S v Mupande and 2 Others (58 of 2022) [2019] ZWSC 58 (20 November 2019)

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Judgment No. SC 58/2022

Civil Appeal No. SC 749/18









Adv G, Nyoni, for the appellants

Ms N. Ngwenya, for the respondent

GUVAVA JA: This is an appeal against the entire judgment of the High Court of Zimbabwe sitting at Gweru which found the appellants guilty of culpable homicide as defined in terms of s 49 of the Criminal Law Codification and Reform Act [Chapter 9:23] (the Act).


The appellants are former members of the Zimbabwe Republic Police stationed at Harare and were attached to the Criminal Investigation Department in the Vehicle Theft Squad. On 31 December 2008, there was a break-in at the 1st appellant’s house in Mvuma. Following the break-in, the appellants drove from Harare to Mvuma to carry out investigations. They conducted investigations in Mvuma and arrested 6 persons. They were brough to Mvuma Police Station for further investigation.

On 3 January 2008 the appellants interrogated the suspects. Whilst doing so, it was alleged that they took turns to assault the deceased with a baton stick under his feet and all over his body, in order to force him to make a confession. The deceased’s condition started deteriorating prompting the appellants to take him to Gweru Provincial Hospital. The deceased was admitted for two days and he died on 10 January 2008. On 10 January 2008, a post-mortem examination was conducted with the report indicating that the deceased had died as a result of asphynxia, gastric contents aspiration and trauma from the assault.

As a result of the death of the deceased, the appellants were arrested and charged with murder as defined s 47 (1) of the Act. They were arraigned before the court a quo and they pleaded not guilty. They averred that the suspects were detained by Mvuma Police officers and not them. They denied assaulting the deceased or any of the suspects. They contended that one Stansilous Madyara (“Madyara”), a constable in the Zimbabwe Republic Police stationed at Mvuma and the investigating officer were at all material times present and in charge of the suspects.

The State led evidence through several witnesses including Mudyara. He testified that he witnessed the deceased being assaulted with a baton stick and a bottle by the 3rd appellant on his knees prompting the deceased to confess to stealing at the 1st appellant’s house.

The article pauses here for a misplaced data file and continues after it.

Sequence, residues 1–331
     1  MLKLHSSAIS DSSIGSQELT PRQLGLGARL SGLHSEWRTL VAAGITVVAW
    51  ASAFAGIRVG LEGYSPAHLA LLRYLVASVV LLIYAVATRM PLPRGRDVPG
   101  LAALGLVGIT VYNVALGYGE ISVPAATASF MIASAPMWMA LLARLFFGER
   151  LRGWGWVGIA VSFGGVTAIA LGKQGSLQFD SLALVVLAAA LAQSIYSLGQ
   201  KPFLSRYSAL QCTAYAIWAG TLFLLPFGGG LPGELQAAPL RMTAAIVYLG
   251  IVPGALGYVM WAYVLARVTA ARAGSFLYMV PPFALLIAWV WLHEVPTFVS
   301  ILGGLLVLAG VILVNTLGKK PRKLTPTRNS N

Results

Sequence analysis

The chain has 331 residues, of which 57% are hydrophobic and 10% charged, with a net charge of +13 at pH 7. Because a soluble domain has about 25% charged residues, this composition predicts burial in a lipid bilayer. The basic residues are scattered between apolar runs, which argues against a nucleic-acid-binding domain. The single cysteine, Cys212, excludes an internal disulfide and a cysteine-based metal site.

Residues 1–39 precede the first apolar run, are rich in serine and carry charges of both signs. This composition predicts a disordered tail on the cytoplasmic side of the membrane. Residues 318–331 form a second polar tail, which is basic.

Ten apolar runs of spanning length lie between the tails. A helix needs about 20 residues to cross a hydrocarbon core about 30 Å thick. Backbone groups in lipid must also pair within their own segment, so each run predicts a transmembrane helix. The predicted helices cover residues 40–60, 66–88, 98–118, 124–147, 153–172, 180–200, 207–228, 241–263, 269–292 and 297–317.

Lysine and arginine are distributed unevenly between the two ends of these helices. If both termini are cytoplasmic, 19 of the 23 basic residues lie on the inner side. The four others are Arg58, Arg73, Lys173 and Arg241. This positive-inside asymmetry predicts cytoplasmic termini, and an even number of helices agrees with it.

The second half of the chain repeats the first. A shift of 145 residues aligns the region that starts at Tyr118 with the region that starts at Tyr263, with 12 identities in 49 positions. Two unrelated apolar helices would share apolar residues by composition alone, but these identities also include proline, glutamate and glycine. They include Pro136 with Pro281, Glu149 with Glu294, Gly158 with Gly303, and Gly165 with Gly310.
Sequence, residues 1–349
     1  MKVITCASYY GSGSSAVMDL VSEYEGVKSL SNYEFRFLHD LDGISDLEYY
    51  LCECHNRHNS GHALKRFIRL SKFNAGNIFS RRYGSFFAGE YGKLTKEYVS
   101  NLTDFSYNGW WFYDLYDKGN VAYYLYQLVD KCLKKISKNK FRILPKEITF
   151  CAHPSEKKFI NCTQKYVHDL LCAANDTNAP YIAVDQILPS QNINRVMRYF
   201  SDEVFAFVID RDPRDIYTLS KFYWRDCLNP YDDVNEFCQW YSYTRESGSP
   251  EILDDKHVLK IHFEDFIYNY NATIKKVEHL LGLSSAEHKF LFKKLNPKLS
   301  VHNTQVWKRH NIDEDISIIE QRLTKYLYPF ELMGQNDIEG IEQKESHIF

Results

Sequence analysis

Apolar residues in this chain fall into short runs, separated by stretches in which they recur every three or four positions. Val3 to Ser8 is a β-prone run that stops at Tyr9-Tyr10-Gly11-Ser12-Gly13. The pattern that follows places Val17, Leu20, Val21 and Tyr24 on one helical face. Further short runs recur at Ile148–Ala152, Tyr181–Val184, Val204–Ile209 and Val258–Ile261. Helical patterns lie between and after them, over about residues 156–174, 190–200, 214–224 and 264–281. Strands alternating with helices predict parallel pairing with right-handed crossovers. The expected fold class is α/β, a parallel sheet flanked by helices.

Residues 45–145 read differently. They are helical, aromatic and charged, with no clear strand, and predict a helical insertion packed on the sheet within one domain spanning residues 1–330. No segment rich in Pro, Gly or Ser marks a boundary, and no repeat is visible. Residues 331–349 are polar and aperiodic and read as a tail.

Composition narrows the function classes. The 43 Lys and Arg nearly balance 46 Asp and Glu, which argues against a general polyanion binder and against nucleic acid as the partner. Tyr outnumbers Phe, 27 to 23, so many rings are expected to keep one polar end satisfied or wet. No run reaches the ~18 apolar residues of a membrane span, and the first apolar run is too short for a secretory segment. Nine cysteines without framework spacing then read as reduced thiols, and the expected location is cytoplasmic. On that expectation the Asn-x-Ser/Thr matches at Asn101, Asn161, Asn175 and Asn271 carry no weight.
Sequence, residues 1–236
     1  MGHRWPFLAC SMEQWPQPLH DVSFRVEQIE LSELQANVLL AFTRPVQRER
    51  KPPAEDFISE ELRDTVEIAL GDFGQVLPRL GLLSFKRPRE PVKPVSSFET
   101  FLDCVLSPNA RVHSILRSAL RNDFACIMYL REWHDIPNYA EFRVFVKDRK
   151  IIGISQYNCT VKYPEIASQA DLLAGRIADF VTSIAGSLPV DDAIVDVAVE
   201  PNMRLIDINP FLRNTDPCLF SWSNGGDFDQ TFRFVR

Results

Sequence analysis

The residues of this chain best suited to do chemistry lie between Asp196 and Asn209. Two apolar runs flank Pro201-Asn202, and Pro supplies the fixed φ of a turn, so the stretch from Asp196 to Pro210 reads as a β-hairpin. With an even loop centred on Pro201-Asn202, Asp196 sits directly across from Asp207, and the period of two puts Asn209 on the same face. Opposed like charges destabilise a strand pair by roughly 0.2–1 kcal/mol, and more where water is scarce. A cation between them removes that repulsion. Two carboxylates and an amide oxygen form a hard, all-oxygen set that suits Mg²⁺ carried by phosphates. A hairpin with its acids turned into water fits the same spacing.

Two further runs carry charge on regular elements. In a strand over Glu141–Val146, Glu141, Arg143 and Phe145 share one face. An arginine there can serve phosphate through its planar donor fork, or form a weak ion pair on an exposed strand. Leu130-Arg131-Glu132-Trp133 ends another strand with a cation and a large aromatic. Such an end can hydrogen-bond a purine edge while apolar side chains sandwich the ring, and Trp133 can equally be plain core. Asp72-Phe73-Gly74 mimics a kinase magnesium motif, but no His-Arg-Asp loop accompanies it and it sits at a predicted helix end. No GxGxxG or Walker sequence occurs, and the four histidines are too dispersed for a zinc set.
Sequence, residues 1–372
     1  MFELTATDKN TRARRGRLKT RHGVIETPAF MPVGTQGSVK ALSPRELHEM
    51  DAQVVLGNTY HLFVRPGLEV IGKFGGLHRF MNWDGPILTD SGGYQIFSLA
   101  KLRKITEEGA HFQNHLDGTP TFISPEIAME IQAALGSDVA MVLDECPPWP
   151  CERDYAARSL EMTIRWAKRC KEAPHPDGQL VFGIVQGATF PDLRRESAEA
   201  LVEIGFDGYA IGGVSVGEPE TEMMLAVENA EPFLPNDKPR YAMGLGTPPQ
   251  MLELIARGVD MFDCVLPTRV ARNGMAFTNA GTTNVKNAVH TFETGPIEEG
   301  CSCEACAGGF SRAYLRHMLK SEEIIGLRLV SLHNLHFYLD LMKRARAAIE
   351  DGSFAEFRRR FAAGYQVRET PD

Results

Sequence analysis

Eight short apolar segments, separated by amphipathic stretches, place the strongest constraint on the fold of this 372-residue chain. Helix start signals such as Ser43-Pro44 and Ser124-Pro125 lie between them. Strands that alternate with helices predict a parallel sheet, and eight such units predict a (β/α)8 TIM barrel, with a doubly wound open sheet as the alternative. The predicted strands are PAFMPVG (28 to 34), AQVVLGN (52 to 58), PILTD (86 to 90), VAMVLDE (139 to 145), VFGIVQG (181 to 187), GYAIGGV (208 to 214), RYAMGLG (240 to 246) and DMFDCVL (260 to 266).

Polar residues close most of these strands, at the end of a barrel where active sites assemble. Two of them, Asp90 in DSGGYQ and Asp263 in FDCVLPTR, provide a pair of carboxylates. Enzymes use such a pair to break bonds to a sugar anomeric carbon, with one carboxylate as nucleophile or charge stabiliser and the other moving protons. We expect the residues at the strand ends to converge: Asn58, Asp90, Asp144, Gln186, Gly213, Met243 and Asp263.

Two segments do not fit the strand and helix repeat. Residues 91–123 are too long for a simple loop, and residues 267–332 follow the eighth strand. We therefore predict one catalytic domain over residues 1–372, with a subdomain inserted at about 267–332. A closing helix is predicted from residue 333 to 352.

In the closing submissions, the appellants submitted that Madyara was not a credible witness. It was their submission that Madyara had been implicated by one of the suspects and that he acted in common purpose with the appellants. It was submitted that at most, the appellants could be found guilty of culpable homicide as the intention to kill had not been proved by the State.


The court a quo made a finding that Madyara was a credible and competent witness. It found that the evidence that had been led did not show that Madyara acted in common purpose with the appellants but rather his role was only of taking notes. The court further found that the appellants had not harboured an intention to kill the deceased, both actual and legal. It however found that the appellants’ were negligent in the manner that they conducted themselves in assaulting the deceased with the intention of forcing a confession from him so that they could recover the stolen property.

In the circumstances, the court found that the appellants’ actions negligently caused the death of the deceased and convicted them of culpable homicide. Consequently, the appellants were sentenced to 10 years imprisonment with two years being suspended for five years on condition that the appellants were not within that period convicted of any offence involving violence.


Aggrieved by the decision of the court a quo, the appellants noted this appeal against conviction and sentence on the following grounds of appeal:

“1. The court a quo erred and misdirected itself in failing to make a finding that the State’s star witness Stanslous Mudyara was a suspect witness when there was clear evidence that:

(a) He was implicated by other suspects who were detained with the deceased for having assaulted them.

(b) He was implicated by the second state witness Munyaradzi Chirwa in court for having assaulted him.

(c) He had been charged and a docket prepared against him for assaulting the suspects who had been detained with the deceased.

(d) He was an interested party.